What are tefillin?
Tefillin are a pair of black leather boxes containing Hebrew parchment scrolls. A set includes two—one for the head and one for the arm. Each consists of three main components: the scrolls, the box and the strap.
They look like this:
The Torah commands Jewish men to bind the tefillin onto their head and upper arm every weekday, in fulfillment of the verse (Deut. 6:8), “You shall bind them as a sign upon your hand, and they shall be for a reminder between your eyes.” (More on what this means below.)
Tefillin is an incredibly powerful mitzvah. The experience of putting on tefillin has changed many people’s lives.
What’s in the boxes?
The Torah mentions the mitzvah of tefillin four separate times. Each of these texts are inscribed on parchment and placed into the tefillin. These passages discuss the unity of G‑d. They describe the miracles G‑d performed for us when He took us out of Egypt, and how G‑d alone has the power and dominion to do whatever He wants in the physical and spiritual worlds. In other words, these verses cover the fundamentals of our faith.
How are Tefillin Made?
In order to be kosher according to Jewish law, tefillin must meet thousands of requirements. Think of them as a finely tuned spiritual machine. If one part is out of place, the whole thing won’t work.
The scrolls inside the tefillin are inscribed in black ink with a quill (or reed) pen by a specially trained scribe, known as a sofer. The parchment is handmade, and must be from a kosher animal. The scribe concentrates intensely and writes with special Hebrew characters. There are 1594 letters in each of the tefillin boxes. If one letter is extra, missing, or even incorrectly written, the tefillin are invalid.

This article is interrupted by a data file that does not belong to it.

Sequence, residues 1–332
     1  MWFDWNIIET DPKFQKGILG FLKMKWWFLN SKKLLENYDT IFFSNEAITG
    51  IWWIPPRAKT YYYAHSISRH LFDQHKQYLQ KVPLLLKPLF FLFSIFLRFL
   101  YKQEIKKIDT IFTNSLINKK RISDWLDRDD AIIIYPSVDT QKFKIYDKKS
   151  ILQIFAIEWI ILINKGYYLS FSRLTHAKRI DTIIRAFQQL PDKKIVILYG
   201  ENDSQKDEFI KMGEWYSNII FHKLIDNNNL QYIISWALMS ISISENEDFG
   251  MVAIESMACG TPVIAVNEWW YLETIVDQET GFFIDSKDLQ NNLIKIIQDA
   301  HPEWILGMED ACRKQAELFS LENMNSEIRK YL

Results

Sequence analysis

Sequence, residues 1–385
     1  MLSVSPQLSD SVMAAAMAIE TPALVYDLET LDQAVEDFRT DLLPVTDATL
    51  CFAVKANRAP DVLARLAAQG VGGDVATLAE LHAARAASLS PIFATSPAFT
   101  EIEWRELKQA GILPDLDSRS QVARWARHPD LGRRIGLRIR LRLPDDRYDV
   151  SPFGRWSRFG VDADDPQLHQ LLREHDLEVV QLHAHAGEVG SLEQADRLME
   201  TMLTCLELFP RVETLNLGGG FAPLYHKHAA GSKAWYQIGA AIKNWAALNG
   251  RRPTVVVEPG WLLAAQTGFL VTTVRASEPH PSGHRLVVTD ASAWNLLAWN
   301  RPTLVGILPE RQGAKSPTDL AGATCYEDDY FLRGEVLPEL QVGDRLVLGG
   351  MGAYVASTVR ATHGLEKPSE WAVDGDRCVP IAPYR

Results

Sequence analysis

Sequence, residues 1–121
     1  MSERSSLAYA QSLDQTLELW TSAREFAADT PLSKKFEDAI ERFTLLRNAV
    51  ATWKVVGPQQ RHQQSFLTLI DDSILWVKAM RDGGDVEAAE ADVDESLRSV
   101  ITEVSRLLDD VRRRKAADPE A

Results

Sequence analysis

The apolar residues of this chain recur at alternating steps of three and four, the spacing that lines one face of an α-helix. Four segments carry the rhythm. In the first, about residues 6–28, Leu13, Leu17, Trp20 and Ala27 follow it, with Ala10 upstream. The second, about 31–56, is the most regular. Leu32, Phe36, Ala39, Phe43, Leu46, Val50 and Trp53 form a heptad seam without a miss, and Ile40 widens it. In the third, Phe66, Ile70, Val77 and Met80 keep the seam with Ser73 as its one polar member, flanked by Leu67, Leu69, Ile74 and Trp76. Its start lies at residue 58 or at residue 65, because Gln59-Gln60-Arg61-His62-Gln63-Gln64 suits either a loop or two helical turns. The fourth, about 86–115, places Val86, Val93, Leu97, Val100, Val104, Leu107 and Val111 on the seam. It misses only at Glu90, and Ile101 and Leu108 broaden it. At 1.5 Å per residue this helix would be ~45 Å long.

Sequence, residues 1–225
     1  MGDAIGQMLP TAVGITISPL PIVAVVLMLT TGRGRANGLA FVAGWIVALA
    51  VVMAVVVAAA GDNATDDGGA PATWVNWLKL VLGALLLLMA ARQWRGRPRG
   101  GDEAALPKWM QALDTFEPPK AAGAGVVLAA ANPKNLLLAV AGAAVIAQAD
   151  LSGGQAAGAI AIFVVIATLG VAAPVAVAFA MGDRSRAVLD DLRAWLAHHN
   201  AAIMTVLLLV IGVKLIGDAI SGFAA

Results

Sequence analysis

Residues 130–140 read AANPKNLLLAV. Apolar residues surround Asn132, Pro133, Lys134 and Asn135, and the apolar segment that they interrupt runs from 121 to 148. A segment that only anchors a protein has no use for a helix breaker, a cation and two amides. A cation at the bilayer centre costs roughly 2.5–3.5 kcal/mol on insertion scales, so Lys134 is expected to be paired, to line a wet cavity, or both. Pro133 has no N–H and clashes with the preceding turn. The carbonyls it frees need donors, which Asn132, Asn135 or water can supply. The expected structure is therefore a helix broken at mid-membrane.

Who Puts on Tefillin?
All Jewish males over the age of bar mitzvah (13 years old) can perform the mitzvah of tefillin.
When are Tefillin Worn?
You can fulfill the mitzvah by putting on tefillin anytime during the day—from sunrise to nightfall. A blessing is recited, and it is customary to read the Shema prayer. Traditionally, tefillin are worn during weekday morning prayers.
What’s the Point?
Mitzvahs are commandments, but the word mitzvah also comes from the root tzavta, which means “connection.” A mitzvah creates a bond between G‑d who commands and man who performs. In a sense, that makes tefillin the ultimate mitzvah. We’re commanded to literally bind ourselves to the one and only G‑d.
More specifically, one of the boxes is placed on the arm so as to rest against the heart, the seat of the emotions, and the leather strap is wound around the left arm and hand. The other box is placed on the head, above the forehead. This teaches us to dedicate ourselves to the service of G‑d in all that we think, feel and do.
One Final Thought . . .
When you put on tefillin, you’ll be connecting to the Infinite, fulfilling G‑d’s will and reminding yourself to be a better person. But you’ll also be doing something that your great-great-grandfather did in exactly the same way. And when you do it, you’re increasing the chances that your great-great-grandchildren will want to do it too. Those straps don’t connect you just to G‑d; they connect you to your past, to your future, to your people.
So go ahead, give it a try.